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MONEY

You Missed Your Number. Now What?

Your bankers and investors are going to want to know about this one. How to handle it--and them.
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Many companies face that month or quarter when there is a miss. Even though you thought you did everything right, your financials simply aren’t where you would have liked. You get your quarterly unaudited report from your controller, and the bottom line is red. You know this might mean a call from your creditor after you submit that data, and you can do the quick math to see if you tripped a covenant.

But is there anything you can do? You bet!

Figure out why you missed

You may very well know exactly why you missed, simply because you have been running your business for a long time and it’s clear what went wrong. A deeper analysis is still in order. Better not to assume you know everything.

Your budget should show your major revenue and expense categories, your monthly target for each, and what actually happened. These metrics help you gain some legitimacy with your lender. You can show the lender which line item really drove the problem this period. Be prepared to explain what happened, or what didn’t happen, and why you didn’t hit your number. The better you can articulate that, the more effective your lender will believe you are in managing your business.

Stay on top of cash

Businesses with debt don’t fail when they lose money -- they fail when they can’t meet their outbound payments to a vendor, a lender or employees. Even if you miss your number, you need to make sure you are on top of your cash and able to meet your short-term liabilities. You should have short-term cash flow forecasts, particularly for those times of the year when cash is most likely to run low. No creditor wants to get that double-whammy phone call: “We lost money and we can’t meet payroll.” That’s when a downward spiral can accelerate.

Make the change

If you can change something in response to what went wrong, seriously consider it. You may be able to say, “that was just a blip,” but if you respond to it appropriately, you might be able to prevent it from happening again or better prepare yourself if it does. You may also be able to lower or delay current expenses to match a drop in revenue. But if a change is needed, you may need to embrace that difficult decision.

Know your covenants

Remember the loan document you negotiated and signed? Inside it, amidst the terms and conditions, are covenants. You should have simple metrics and calculations established for your business that measure and track the figures that can trip these covenants--or show how close you come to tripping them. Your accountant or controller should know these metrics, so you can do all you can to avoid tripping your covenants. Know when you are going to miss, and prepare ahead of time.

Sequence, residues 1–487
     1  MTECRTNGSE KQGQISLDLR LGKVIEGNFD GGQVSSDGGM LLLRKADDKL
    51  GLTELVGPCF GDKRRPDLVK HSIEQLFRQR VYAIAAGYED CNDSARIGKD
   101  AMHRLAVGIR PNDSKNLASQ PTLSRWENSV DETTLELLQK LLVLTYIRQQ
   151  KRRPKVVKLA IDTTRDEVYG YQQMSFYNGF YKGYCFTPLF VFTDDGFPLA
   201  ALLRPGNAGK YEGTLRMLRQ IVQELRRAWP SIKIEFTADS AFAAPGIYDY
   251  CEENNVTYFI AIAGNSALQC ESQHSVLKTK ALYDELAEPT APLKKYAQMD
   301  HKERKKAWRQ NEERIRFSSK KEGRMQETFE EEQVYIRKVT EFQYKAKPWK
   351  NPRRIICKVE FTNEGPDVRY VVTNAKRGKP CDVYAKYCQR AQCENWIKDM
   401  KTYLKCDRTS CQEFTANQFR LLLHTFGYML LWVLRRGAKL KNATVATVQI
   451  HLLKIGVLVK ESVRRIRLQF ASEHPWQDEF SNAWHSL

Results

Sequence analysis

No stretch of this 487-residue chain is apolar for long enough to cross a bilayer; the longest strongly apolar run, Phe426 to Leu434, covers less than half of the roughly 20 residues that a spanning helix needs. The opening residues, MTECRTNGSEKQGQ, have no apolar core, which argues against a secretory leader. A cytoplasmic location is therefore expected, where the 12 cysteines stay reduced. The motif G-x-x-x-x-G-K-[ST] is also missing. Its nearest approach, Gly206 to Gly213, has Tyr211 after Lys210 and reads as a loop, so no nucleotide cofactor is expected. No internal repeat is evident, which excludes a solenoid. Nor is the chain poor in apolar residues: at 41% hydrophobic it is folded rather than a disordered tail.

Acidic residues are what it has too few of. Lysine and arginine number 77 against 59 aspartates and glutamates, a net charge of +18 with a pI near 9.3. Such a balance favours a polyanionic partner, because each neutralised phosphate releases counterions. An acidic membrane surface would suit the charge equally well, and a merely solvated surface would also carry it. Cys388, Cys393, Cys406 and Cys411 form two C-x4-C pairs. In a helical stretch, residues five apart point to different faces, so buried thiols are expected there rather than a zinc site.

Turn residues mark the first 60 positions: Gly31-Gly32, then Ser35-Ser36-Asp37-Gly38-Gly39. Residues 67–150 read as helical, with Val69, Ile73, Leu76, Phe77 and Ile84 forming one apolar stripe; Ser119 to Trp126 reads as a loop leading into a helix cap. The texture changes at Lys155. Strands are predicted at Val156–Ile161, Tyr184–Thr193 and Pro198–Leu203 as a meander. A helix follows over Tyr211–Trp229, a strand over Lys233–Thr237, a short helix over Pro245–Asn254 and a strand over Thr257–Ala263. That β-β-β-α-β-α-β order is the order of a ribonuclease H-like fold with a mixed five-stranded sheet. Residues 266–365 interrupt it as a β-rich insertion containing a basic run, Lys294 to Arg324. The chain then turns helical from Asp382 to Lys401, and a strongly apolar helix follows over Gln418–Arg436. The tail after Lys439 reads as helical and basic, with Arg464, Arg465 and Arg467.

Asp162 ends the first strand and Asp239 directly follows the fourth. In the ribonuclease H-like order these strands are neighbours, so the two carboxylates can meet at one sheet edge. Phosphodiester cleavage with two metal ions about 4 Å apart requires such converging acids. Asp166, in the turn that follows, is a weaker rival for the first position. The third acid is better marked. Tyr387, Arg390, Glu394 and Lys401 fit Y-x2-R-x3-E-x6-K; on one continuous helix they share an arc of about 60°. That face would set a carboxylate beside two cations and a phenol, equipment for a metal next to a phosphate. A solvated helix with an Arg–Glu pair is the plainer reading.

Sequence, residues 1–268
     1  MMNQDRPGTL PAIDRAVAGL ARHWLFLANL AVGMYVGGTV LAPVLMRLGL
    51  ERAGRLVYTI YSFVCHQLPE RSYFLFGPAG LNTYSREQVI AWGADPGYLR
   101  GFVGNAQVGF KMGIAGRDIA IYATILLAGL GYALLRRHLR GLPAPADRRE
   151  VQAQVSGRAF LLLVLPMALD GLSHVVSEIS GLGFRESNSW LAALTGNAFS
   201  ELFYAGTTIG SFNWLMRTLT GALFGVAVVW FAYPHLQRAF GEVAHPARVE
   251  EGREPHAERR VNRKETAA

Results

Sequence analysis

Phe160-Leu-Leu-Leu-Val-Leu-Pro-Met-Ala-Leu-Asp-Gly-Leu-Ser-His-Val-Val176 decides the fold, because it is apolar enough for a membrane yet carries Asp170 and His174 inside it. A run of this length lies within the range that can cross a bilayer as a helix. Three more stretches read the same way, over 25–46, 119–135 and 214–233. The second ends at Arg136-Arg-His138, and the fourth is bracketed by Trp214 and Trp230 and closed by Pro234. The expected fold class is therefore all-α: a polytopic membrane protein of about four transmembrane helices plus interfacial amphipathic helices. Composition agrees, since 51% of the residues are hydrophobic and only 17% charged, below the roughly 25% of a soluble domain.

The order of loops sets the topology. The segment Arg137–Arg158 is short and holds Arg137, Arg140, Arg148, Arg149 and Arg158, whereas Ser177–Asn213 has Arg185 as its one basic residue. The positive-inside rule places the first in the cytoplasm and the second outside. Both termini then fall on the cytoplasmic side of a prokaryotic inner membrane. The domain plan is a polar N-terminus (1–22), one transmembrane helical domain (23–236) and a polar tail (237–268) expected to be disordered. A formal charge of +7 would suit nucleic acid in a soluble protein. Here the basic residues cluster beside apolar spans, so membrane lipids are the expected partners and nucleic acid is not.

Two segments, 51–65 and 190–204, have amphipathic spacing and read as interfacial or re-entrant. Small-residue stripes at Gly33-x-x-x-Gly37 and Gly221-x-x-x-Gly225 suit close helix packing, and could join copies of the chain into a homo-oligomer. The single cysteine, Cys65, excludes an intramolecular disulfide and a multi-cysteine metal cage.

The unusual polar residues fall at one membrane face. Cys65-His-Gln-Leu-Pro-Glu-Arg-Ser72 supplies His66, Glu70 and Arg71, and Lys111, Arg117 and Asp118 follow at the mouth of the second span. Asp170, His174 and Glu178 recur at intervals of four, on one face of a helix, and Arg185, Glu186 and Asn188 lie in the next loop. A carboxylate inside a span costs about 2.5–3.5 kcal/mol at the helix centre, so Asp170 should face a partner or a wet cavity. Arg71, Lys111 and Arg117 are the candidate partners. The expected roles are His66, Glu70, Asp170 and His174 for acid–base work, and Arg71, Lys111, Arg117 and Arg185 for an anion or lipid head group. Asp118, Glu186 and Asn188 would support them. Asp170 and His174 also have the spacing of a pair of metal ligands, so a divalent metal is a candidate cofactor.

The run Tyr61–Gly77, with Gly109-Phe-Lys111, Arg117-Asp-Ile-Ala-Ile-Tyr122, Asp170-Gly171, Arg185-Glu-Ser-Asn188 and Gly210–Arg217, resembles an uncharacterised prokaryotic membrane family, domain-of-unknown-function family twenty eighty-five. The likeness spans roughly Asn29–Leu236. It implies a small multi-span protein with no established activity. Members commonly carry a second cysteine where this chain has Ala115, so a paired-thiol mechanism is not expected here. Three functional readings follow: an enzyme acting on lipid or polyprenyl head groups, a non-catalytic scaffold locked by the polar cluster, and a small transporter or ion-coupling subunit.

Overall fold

Pick up the phone

Bad news only gets worse with age. Call your lender as soon as you have gone through the steps above. They want to know what went wrong, why it went wrong, what it means for the loan, what you are doing about it and what your cash position is.

Prepare for that call by prepping with your controller. It’s human nature to respond better when someone is proactive and thoughtful. Better for you to anticipate their questions and prepare than to get defensive or risk a breakdown in what you know will be a difficult conversation. Be upfront and candid. Tell your lender what’s going on and importantly, what you are going to do. You will stand out against all of the business owners who aren’t being proactive.

Even the best companies can miss their numbers from time to time. There is uncertainty and risk in running any business, and you can’t always match the projection you made in your annual budget. When it happens, figure it out quickly, ask yourself the hard questions, and take proactive steps to manage your business.

Last updated: Jul 12, 2013

ED POWERS | Columnist | Head of Capital Access Funds, Bank of America

Based in New York, Ed Powers is a managing director and head of the Capital Access Funds team at Bank of America Merrill Lynch. Capital Access Funds is an experienced, returns-driven private equity fund-of-funds.

The opinions expressed here by Inc.com columnists are their own, not those of Inc.com.



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